Moreover, I thought the name of the seminar, "Debt-Free and Prosperous Living," was essentially buried and should not only be exhumed and made much more prominent but trumpeted as "The seminar that's changing the lives of families across America." This new element would be bannered somewhere near the bottom of the ad.
The new headline is a call to action that makes a very provocative promise. This approach challenges readers to make things happen, take charge and alter their situation for the better. The "Here's how" phrase provokes them to read the explanatory subhead.
This headline and subhead combination is the first thing the reader sees and responds to. The second element that attracts the eye is the seminar name, now emblazoned in large type at the bottom. Then the third most noticeable component is the new set of BODYimonial columns columns I've put on either side of the main selling copy. Here again, we're unearthing buried treasure because these golden comments from previous seminar attendees were not immediately noticeable in the copy. In this case, they were on the back of the flier but really deserved to be on the front. Unfortunately, there are no names attached to the quotes, which takes away a little of their power, but the page is certainly more potent because of their presence. Sims also has two very strong and much longer BODYimonials from church pastors on the back of his current flier. I would retain these elements for the back of the new piece.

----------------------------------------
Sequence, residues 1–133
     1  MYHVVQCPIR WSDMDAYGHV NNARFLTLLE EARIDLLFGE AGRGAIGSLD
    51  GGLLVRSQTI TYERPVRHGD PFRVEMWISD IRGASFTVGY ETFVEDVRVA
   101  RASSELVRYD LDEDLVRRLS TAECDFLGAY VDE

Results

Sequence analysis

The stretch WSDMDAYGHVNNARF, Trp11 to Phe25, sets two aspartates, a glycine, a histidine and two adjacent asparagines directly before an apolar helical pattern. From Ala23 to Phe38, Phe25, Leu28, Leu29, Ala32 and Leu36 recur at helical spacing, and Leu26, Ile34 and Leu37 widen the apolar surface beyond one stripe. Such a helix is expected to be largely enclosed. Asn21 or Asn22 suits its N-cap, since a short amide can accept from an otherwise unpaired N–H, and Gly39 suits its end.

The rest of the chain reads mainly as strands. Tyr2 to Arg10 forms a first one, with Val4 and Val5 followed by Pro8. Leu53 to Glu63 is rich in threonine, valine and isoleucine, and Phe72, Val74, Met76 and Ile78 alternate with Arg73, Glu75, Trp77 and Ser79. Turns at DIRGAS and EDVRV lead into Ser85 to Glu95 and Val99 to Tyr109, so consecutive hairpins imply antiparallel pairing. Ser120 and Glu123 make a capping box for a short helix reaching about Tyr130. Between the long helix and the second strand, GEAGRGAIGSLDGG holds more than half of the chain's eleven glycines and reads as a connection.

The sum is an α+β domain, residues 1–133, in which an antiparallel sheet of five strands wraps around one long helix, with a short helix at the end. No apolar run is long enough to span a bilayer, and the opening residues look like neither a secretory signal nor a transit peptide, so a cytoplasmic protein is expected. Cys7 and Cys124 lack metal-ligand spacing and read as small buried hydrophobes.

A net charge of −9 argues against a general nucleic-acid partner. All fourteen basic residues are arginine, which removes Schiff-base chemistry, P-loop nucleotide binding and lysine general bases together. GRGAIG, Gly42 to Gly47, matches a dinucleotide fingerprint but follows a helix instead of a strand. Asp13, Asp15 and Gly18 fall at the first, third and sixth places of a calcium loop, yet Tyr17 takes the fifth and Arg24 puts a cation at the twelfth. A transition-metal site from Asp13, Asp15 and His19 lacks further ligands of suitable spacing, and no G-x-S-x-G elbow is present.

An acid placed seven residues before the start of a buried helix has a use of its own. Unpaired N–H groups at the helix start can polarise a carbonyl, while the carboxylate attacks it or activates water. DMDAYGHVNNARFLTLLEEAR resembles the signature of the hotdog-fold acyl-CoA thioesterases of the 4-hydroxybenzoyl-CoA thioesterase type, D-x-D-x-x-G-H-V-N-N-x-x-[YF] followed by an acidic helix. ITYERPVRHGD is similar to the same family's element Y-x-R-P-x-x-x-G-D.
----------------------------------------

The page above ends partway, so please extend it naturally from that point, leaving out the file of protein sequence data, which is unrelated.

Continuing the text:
I've retained much of the rest of Sims' flier copy because, as mentioned, a lot of it is very solid and persuasive. But perhaps with the new swipes of the copywriter's word brush, the flier will be even more attention-getting.
Looks Like . . .
Is it an ad--or editorial? Sometimes it's hard to tell.
I recently created an "advertorial" for one of my corporate clients, and it reminded me how strong this approach can be for your advertising efforts--and Don Sims' efforts as well. An advertorial, for those not already familiar with the concept, is an ad that looks like editorial material--hence the hybridized name. Advertorials are written and designed to look like an article in a magazine or newspaper. More often than not, publications in which they run insist that you label them--in small letters at the top--"advertisement," lest the readers confuse it with the publication's real editorial.